Fall flowers and pollinators that love them
Fall is here, bringing a promise of relief from scorching hot summer days. The last two weeks of September and the first of October are always busy in my yard. The butterflies arrive in clouds, often with visitors from the south and west arriving on stiff winds. This year has been no different, and I thought I’d share some of the fall flowers that bring these beauties in. Fall is a good time to plant perennials. Dormancy in winter allows them to put their energy into their roots so they’re better established in spring. Perhaps my fall flowers can provide some inspiration for your fall gardening.
I have several different asters, and they each have their strengths and weaknesses. All provide color and attract pollinators. I plant asters that are drought tolerant, so most of them are native to the plains or the west. The Eastern U.S. has varieties that need/tolerate more rain. Always do your research and go with plants that do well in your area. Pollinating my asters today: skippers, Gulf fritillaries, Eastern-tailed blues, various sulphurs, European and native bees, and wasps.
Monobia quadridens wasp on an aster.
Perennial lantana is a tough plant that brings pollinators to my yard all summer and fall. Gulf fritillaries, sulphurs, crescents, and bees are especially fond of it.
Gulf frilillary on perennial lantana
Maximilian sunflowers are tough perennials that spread slowly. Not only do they attract pollinators, but once the flowers are gone, they’ll bring in finches and other birds that eat the seeds. I have other native, volunteer sunflowers in the yard, as well. Bees love my sunflowers, and I also see many skippers on them.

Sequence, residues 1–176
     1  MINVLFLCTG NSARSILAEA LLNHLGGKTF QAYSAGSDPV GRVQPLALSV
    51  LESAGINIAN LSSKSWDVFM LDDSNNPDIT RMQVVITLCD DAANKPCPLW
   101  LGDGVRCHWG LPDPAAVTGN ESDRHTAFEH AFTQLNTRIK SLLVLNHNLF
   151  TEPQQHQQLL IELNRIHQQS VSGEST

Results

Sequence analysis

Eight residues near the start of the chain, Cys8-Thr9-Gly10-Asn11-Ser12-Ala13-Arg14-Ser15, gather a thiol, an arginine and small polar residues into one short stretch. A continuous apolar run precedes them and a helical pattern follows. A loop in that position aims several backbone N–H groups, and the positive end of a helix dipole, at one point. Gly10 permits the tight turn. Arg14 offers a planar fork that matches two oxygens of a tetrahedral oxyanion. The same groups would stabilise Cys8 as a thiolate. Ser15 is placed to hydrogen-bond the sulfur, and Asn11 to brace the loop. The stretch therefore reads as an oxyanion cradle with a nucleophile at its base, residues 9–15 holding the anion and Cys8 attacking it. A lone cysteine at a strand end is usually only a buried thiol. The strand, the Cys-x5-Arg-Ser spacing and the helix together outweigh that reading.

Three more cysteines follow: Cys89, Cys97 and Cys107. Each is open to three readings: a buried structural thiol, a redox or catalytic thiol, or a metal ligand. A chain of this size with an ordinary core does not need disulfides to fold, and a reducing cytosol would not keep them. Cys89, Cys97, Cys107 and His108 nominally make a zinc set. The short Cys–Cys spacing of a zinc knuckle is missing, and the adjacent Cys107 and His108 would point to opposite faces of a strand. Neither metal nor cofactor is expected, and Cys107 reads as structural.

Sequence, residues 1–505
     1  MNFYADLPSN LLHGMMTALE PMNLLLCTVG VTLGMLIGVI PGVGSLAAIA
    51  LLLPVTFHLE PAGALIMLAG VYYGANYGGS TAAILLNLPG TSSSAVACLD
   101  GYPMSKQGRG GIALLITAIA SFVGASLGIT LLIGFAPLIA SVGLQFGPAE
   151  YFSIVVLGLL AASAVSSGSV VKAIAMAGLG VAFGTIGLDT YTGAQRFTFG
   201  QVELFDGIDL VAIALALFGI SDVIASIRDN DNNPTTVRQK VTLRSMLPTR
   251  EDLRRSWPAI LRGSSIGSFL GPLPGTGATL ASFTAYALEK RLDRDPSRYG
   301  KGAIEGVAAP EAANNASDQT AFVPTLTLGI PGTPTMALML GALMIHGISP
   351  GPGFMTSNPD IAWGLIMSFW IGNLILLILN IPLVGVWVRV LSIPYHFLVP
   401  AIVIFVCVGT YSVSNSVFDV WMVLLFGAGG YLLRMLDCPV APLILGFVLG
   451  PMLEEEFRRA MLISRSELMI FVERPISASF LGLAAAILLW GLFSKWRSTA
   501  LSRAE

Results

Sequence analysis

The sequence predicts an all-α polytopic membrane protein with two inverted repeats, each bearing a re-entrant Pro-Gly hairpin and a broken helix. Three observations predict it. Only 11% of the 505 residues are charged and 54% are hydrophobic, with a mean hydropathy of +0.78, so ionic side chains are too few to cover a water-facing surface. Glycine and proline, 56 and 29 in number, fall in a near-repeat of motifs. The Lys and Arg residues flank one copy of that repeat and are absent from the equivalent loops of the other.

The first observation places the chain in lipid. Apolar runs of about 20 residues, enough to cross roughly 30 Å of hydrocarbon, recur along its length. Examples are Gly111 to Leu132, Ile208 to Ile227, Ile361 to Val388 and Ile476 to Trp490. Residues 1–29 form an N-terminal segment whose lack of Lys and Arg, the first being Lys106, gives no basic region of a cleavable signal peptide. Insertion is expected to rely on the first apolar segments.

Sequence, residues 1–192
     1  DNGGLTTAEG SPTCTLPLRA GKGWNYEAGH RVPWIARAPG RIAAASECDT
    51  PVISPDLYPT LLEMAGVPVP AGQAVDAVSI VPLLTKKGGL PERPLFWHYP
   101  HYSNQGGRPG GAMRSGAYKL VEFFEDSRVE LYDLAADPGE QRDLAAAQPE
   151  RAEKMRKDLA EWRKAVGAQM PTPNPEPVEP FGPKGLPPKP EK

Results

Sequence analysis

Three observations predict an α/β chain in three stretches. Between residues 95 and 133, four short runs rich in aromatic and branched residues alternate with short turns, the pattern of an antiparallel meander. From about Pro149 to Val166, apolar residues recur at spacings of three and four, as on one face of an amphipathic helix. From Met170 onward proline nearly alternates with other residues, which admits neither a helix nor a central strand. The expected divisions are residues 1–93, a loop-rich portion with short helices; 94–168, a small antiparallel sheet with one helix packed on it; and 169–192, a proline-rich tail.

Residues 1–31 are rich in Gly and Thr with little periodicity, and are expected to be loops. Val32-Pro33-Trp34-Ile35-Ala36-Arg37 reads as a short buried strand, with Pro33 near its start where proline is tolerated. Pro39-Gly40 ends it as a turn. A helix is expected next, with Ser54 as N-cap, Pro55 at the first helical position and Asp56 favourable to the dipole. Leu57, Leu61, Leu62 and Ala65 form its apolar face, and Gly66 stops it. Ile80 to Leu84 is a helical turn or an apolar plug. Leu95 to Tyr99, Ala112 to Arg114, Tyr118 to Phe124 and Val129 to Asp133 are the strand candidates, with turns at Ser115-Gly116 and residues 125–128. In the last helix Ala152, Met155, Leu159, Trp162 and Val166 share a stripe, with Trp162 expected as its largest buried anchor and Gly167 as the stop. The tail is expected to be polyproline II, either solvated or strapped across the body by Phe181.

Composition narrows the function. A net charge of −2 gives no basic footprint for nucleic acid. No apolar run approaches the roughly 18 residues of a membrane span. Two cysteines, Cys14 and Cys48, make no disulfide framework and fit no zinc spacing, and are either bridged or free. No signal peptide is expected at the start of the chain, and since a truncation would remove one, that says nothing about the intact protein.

Bumblebee on a sunflower.
I have two varieties of prairie gaillardia blooming right now, one nearly done, the other still going strong. Both are beloved by Pearl crescent butterflies and various skippers.
Common checkered skipper on prairie gaillardia.
Vitex (Chaste Tree)
My purple vitex was covered in native bumblebees. I also caught a Common Buckeye butterfly on it.
Common buckeye on vitex.
Sulphur butterflies love my autumn sage. This plant is easy to grow, and very wildlife friendly.
Annuals: Cowpen Daisies, Zinnias, Cosmos, Gomphrena (Fireworks), Tropical Milkweed
These annuals are still going strong in my flowerbeds. It has been a good year for Monarchs, and I caught a female laying eggs on my tropical milkweed. It’s late for a hatching, but if winter hold off, they may make it for migration.
Monarch laying eggs on tropical milkweed.
Pearl crescent on cowpen daisy.